12 November 2008
Adaptive proteins "control" their own evolution
by Kate Melville
A previously hidden mechanism that guides the way biological organisms respond to the forces of natural selection has been observed making the proteins found in most living organisms behave like adaptive machines, subtly directing aspects of their own evolution to create order out of randomness. Researchers Raj Chakrabarti, Herschel Rabitz, Stacey Springs and George McLendon made the discovery while carrying out experiments on the proteins constituting the electron transport chain (ETC), a biochemical network essential for metabolism.
A subsequent mathematical analysis of the experiments showed that the proteins themselves acted to correct any imbalance imposed on them through artificial mutations and restored the chain to working order, explained Princeton University's Chakrabarti.
"The discovery answers an age-old question that has puzzled biologists since the time of Darwin: How can organisms be so exquisitely complex, if evolution is completely random, operating like a 'blind watchmaker'?" said Chakrabarti. "Our new theory extends Darwin's model, demonstrating how organisms can subtly direct aspects of their own evolution to create order out of randomness."
The work confirms an idea first floated in an 1858 essay by Alfred Wallace, who suspected that certain systems undergoing natural selection might adjust their evolutionary course in a manner "exactly like that of the centrifugal governor of the steam engine, which checks and corrects any irregularities almost before they become evident." A steam engine operating with a centrifugal governor is an example of what is now referred to as feedback control. Examples in modern technology include cruise control and thermostats.
The new research, published in Physical Review Letters, provides corroborating data for Wallace's idea. "What we have found is that certain kinds of biological structures exist that are able to steer the process of evolution toward improved fitness," said Princeton researcher Rabitz. "The data just jumps off the page and implies we all have this wonderful piece of machinery inside that's responding optimally to evolutionary pressure."
To try and identify the underlying mechanism for this self-correcting behavior the researchers are applying the concepts of control theory, a body of knowledge that deals with the behavior of dynamical systems. The researchers concluded that this self-correcting behavior could only be possible if, during the early stages of evolution, the proteins had developed a self-regulating mechanism, analogous to a car's cruise control or a home's thermostat, allowing them to fine-tune and control their subsequent evolution. The scientists are working on formulating a new general theory based on this finding they are calling "evolutionary control."
The new work is likely to trigger a rethink of evolutionary dogma which maintains that species evolve because of random mutations and selection by environmental stresses. But unlike Darwin, Wallace conjectured that species themselves may develop the capacity to respond optimally to evolutionary stresses. Until this work, evidence for this conjecture was lacking.
The experiments themselves focused on a complex of proteins located in the mitochondria, the powerhouses of the cell. A chain of proteins, forming a type of bucket brigade, ferries high-energy electrons across the mitrochondrial membrane. This metabolic process creates adenosine triphosphate (ATP), the energy currency of life. Various researchers working over the past decade fleshed out the workings of these proteins, finding that they were often turned on to the "maximum" position, operating at full tilt, or at the lowest possible energy level.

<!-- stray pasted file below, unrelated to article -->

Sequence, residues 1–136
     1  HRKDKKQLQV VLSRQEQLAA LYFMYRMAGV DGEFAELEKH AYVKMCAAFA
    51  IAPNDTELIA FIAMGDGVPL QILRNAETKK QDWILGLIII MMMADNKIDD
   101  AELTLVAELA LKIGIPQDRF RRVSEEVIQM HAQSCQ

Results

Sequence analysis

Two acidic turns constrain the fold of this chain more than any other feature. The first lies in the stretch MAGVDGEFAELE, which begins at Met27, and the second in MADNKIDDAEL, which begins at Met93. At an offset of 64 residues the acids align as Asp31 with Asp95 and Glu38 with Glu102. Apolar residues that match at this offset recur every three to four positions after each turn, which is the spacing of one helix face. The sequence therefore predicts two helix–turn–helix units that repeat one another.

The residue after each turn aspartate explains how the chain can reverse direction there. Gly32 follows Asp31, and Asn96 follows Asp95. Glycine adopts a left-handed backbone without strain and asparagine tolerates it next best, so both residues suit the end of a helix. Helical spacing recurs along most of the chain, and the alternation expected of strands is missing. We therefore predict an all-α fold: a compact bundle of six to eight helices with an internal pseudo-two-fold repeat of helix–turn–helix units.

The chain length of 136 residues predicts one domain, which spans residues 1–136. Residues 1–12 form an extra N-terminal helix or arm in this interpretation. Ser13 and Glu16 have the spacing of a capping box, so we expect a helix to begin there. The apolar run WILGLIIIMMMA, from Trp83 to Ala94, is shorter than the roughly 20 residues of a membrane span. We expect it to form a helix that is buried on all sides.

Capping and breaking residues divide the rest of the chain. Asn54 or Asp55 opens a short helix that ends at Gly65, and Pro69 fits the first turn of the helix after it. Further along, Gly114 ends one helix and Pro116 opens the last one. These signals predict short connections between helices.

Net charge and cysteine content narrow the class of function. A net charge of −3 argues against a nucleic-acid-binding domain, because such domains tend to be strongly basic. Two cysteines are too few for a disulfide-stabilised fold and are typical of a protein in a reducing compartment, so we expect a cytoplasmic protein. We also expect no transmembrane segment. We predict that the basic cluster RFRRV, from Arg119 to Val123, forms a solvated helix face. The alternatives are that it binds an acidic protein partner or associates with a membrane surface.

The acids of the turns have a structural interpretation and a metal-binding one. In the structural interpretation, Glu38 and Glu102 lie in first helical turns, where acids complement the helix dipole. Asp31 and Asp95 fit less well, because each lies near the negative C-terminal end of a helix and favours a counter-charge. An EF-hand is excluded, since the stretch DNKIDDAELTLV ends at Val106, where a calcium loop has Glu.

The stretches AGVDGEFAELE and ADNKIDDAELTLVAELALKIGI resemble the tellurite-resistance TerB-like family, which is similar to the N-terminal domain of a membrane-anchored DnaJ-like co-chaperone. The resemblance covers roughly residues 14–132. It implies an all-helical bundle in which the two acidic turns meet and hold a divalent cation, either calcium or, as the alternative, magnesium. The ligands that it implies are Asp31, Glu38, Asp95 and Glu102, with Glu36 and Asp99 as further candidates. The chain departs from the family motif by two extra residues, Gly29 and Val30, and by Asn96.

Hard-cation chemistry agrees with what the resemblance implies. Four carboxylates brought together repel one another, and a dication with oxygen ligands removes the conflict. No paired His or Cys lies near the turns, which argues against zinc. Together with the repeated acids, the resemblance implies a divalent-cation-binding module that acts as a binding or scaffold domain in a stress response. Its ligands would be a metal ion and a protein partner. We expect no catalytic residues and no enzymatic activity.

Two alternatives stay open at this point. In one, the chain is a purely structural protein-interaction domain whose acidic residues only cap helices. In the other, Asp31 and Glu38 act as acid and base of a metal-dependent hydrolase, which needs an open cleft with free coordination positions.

Chakrabarti and Rabitz analyzed these observations of the proteins' behavior from a mathematical standpoint, concluding that it would be statistically impossible for this self-correcting behavior to be random, and demonstrating that the observed result is precisely that predicted by the equations of control theory. By operating only at extremes, referred to in control theory as "bang-bang extremization," the proteins were exhibiting behavior consistent with a system managing itself optimally under evolution.
"In this paper, we present what is ostensibly the first quantitative experimental evidence, since Wallace's original proposal, that nature employs evolutionary control strategies to maximize the fitness of biological networks," Chakrabarti said. "Control theory offers a direct explanation for an otherwise perplexing observation and indicates that evolution is operating according to principles that every engineer knows."
The scientists do not know how the cellular machinery guiding this process may have originated, but they emphatically said it does not buttress the case for intelligent design, a controversial notion that posits the existence of a creator responsible for complexity in nature.
Chakrabarti said that one of the aims of modern evolutionary theory is to identify principles of self-organization that can accelerate the generation of complex biological structures. "Such principles are fully consistent with the principles of natural selection. Biological change is always driven by random mutation and selection, but at certain pivotal junctures in evolutionary history, such random processes can create structures capable of steering subsequent evolution toward greater sophistication and complexity." The researchers are continuing their analysis, looking for parallel situations in other biological systems.
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Source: Princeton University